The Wilson Project

Project Ottawa


What is Project Ottawa?

a method of building a visual model of an web application UI/front-end layer

How did Project Ottawa start?

The project is a culmination of three influences:

The Information Layer

An idea that started with observing work of interaction designers begining three years ago. In observing how they were designing devices other than the monitor/screen paradigm (this was a year before mobile went big), I saw that the current presentation of the UI layer was incomplete. To me, the "separation of content and presentation" was leaving out important details. To use an anology, it was only looking at the visual light spectrum only but forgeting the other forms of light such as radio, infrared, ultraviolet, etc.

In 2009, I did a sketch which re-modelled the UI layer in four layers – Information (content), Semantic (HTML/microformats), Presentation (CSS/graphics), and Behavioral (JavaScript/AJAX interactions)

New Information Model - Current Realisation

With this, I could now describe mentally and visually what was happening and use it in my work in building out web applications/sites.

For a more detailed explanation

Work with CSS

It was only later when I did my third code revision (post Nicole Sullivan lecture at AEA DC/October 2010) that the patterns became more clear. Now the thinking behind better coding and web performance is creating modules/blocks of css that can be readily used. This is one of many steps to reduce the amount of code, leading to improved performance. This lead to a process that was modify further in the two years. Recently, the work of Jonathon Snook and his SMACSS philsophy has been a focal point in doing more work in that area. But overall, both and other leading developers are advocating this way of CSS building, especially when performance has become critical with mobile devices.

Observations from linear algebra

I'd noticed for a couple of years about how similiar my work with CSS is with linear algebra. But the realization came when I remembered the simple process of solving multiple equations. The problem can be represented in a form of a matrix (system).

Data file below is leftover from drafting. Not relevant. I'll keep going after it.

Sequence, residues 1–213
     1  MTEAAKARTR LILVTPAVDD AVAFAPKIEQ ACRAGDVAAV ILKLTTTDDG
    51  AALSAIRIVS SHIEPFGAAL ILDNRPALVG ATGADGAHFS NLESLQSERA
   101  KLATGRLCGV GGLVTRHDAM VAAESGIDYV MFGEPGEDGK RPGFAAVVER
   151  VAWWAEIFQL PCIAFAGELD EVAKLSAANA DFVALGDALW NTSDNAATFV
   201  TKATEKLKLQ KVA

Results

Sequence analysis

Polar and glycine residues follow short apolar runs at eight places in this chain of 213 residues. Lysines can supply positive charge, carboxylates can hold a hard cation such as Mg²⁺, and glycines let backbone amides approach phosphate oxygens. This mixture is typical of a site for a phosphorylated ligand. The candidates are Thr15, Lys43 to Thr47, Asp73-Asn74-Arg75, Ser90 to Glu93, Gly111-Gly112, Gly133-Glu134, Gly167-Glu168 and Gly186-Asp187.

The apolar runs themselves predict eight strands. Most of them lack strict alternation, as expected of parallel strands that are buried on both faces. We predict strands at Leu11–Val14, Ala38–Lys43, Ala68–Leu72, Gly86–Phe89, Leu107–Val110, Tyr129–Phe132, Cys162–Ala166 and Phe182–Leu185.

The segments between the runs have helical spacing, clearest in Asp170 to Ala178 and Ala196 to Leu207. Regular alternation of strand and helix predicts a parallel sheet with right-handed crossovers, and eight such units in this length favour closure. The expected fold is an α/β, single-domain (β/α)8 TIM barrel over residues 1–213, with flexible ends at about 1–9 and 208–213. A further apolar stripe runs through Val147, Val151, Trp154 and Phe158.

To solve the equation, get the matrix in the correct form in a number of steps, where the solution can be derived.p>

How does this related to CSS? Well, rewrite the problem again, this time in a more familiar form: Ax = y (A = matrix). In linear algebra, linear transforms function the same way with distinct rules and operations. Going back to writing CSS, at this point, I was writing CSS in blocks or modules. If I wanted to make small change, I could write another class to make some small alterations. Therefore,

[original CSS block] [CSS code for alterations] = [altered CSS]

I realized that this is similar to the above algebraic equation and decided to take the analogy further. I went to Ottawa for Johnathan Snook's SMACSS workshop and spend the remainder of my remaining time sketching out and playing those ideas (see sketches).

After coming back from Ottawa in early March, I expanded/revised the ideas and sketches into an initial/first draft. (more sketches from First Draft)

Why Project Ottawa?

The basic idea behind Ottawa was archival or just record keeping for myself.

However, I soon recognized was that no one had created anything that visually displays the web application system. Apart from code and wireframes and design comps, there was really nothing that could sort of describe a web application. What was needed was a sort of visual "photograph" to display the full web application and its interactions.

Let me describe this in another way. I have code but it is like talking about an apple in 2D (Flatland analogy). During this process, I used Firebug to pick out he various parts and see what was happening in terms of interactions. But, again, there was nothing to say "This is happening here. This script is doing this [action]."

With Ottawa, I found someway of saying all this and showing in an visual, tangible way. Now, I can say "This symbol represent this [part] and it is doing this..." It may take me awhile to describe but once one someone got it, I can go on and build on the explanations.